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KO퐌¿Ní¢ä‰å䋢S JONATHAN DAVIS INTERVIEW WITH LESSTHAN3 ONLINE + RAY LUZIER TALKS TO SABIAN ABOUT HIS OBSESSION WITH HIS 21″ AA ROCK RIDE (VIDEO)í¢ä‰åŒ_

Posted on January 23, 2012

KO퐌¿N‘s Ray Luzier is obsessed with being the perfect dad. With finding the perfect gourmet dessert. With creating the perfect mix in his home studio. And he’s Obsessed with his 21″ SABIAN AA Rock Ride. Why? Because in Ray’s words, “I don’t hit light – but I can crash on it and it cuts and slices music in half. It’s perfect!”. Check out the video of Ray talking about his cymbals on Sabian’s website by clicking here.

Jonathan Davis was recently interviewed by LessThan3 and they spoke about dubstep (of course), DJing, producing, the last song he wold listen to if the world were to end and much more. See below for some extracts:

LessThan3: How did the idea of Korn doing a dubstep-influenced album first come into play? Was it one person in the band presenting the idea?

Jonathan: I’ve been DJing steadily for three years; I used to DJ when I was 16, so I’ve been a long time electronic fan. I was DJing electro house back in the day, but I started listening to dubstep about a year and a half ago. The first dubstep artist I heard was Excision, who is hands-down the guy who invented heavy dubstep, and I was blown away by it. Not too long after that, Skrillex dropped his EP and I loved all the mixture of genres. That’s when I brought two songs—one from Sonny and one from Excision—to the band and said “Hey guys, want to try to do an experiment? Let’s see if you can envision this sound being incorporated with Korn.” I played the music, their jaws dropped, and the rest is history.

LessThan3: Do you think you guys are the first of many rock bands to cross over or to incorporate dubstep or other electronic influences?

Jonathan: I don’t know if I’d say we were the first. I think bands have tried but no one has ever done it right. The only bands that have ever done rock and electronic right are The Prodigy and maybe Pendulum, but they’re a bit more drum’n’bass. We wanted to do something that was completely different, and I think that our version of heavy bass music came out that way.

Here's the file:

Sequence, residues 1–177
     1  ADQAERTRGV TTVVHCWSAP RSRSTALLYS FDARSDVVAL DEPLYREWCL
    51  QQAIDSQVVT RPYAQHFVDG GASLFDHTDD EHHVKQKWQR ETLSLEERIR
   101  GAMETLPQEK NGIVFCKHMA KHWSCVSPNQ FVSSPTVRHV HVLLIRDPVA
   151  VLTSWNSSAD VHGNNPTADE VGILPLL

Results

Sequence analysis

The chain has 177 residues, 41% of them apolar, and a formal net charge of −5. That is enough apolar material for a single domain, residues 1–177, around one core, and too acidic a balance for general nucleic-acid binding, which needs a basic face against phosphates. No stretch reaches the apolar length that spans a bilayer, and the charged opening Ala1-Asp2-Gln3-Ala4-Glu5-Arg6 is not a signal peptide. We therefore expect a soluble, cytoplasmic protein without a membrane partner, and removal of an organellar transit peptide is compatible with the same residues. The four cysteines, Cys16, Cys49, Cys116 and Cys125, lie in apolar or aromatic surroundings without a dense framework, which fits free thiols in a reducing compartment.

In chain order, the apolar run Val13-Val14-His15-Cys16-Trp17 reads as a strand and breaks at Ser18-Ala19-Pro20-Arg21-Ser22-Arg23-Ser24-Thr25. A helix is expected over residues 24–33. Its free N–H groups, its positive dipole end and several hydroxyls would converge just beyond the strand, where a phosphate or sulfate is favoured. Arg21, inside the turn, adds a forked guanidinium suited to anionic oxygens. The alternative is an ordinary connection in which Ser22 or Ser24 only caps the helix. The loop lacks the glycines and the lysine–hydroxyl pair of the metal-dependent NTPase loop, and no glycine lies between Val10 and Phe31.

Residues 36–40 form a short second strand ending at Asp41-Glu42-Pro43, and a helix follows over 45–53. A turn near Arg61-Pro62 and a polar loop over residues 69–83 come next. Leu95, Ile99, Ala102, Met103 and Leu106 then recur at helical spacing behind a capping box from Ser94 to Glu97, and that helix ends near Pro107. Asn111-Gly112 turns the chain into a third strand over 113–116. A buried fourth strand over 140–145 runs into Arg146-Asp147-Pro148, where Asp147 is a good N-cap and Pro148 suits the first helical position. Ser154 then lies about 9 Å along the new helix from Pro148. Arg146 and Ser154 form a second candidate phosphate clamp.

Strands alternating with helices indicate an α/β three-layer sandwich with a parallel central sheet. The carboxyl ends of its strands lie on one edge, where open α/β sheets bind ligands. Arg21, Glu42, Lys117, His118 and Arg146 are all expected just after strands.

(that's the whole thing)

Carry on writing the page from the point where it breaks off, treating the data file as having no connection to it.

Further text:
LessThan3: Was there something about your sound specifically that you think made it easy to transition to dubstep?

Jonathan: We were going through our catalog and realized we were doing dubstep before we knew what dubstep was. We tuned it down as far as we could go—it was always about the bass. We were playing seven-string guitars, we were doing 140 bpm half-tempo songs; we even did wobble bass on one song in 1999. When we did arenas, we used to take 120 subs to make people feel it and have it be bass-intensive. It was our version of dubstep, and that’s why it worked so well. That’s what we’ve been doing our whole career.

LessThan3: Switching topics—today’s label landscape is way different from when you first started. What do you think about the overall landscape for hot up-and-coming producers? What advice do you have for young producers?

Jonathan: Well we came from the old school with Epic. For our first record, they spent some money and took the time and really worked it. Most bands didn’t have a hit until their second or third record, and they took a chance with us—that’s just how it was back then. Now it seems that labels want bands that are disposable—they put out a hit and then they drop them and it’s on to the next one. In the dance world, it seems really cool that all these DJs have all these independent labels and there isn’t the pressure of getting on the radio and all that. There’s just a lot more freedom. I really like labels like Rottun and Dim Mak and mau5trap because it’s more about the music and less about trying to get a song on the radio. When I hang out with all these DJs, it’s amazing. They can go walk around the crowd and stuff, but when I’m with them we get mobbed. It’s just two totally different worlds—it’s crazy.

LessThan3: If the world were ending in LessThan3 minutes, and you had an iPod with every song ever made on it, what would you listen to?

Jonathan: I would listen to a song I wrote that was on my solo album that I haven’t put out yet—part of JDFSA. It’s kind of Peter Gabriel/David Bowie-esque; it’s all strings and some guitar and tablas. It’s a song about the end of the world called Final Days.

LessThan3: Describe your sound in LessThan3 words.

Jonathan: Intense, Emotional, Bass Music.

Read the full interview by clicking here.

Pick up a copy of KO퐌¿N’s new album, ‘The Path Of Totality’, by pointing your mouse in this direction.

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